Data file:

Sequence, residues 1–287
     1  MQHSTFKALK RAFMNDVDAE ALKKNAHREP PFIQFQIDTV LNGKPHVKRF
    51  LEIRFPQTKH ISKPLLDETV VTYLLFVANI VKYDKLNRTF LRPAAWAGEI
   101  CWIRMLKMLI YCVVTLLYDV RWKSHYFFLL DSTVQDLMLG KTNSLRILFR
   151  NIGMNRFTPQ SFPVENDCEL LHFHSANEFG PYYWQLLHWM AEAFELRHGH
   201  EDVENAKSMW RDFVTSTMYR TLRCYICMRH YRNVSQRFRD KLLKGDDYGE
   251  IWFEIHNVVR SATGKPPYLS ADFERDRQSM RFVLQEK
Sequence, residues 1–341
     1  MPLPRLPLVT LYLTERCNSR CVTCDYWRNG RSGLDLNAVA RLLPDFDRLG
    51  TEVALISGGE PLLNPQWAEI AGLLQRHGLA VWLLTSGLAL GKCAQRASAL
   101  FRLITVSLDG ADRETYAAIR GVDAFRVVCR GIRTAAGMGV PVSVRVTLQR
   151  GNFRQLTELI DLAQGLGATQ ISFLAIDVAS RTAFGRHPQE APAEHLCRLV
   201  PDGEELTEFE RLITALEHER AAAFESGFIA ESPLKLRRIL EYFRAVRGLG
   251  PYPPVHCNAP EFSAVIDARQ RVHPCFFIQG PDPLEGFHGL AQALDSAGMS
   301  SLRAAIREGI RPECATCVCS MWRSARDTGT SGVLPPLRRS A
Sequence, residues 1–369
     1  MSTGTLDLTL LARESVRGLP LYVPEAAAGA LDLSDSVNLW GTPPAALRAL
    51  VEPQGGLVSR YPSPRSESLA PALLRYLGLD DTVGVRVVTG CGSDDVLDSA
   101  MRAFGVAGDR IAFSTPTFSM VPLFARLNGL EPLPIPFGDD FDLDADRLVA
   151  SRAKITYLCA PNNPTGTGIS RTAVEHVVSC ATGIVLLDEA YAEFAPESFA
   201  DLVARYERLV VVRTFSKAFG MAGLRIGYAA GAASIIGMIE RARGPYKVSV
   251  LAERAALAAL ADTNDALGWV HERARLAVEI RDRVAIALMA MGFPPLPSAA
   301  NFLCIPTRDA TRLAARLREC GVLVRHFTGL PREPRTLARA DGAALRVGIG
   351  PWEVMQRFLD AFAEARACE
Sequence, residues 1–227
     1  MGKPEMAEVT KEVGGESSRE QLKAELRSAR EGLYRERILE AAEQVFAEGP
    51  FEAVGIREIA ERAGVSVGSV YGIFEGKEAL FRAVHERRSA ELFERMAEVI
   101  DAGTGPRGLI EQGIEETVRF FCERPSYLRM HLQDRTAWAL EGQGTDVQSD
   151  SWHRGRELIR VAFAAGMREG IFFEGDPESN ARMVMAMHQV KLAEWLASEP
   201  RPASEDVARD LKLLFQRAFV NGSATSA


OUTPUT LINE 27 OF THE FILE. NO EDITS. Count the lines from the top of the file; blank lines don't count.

    51  FEAVGIREIA ERAGVSVGSV YGIFEGKEAL FRAVHERRSA ELFERMAEVI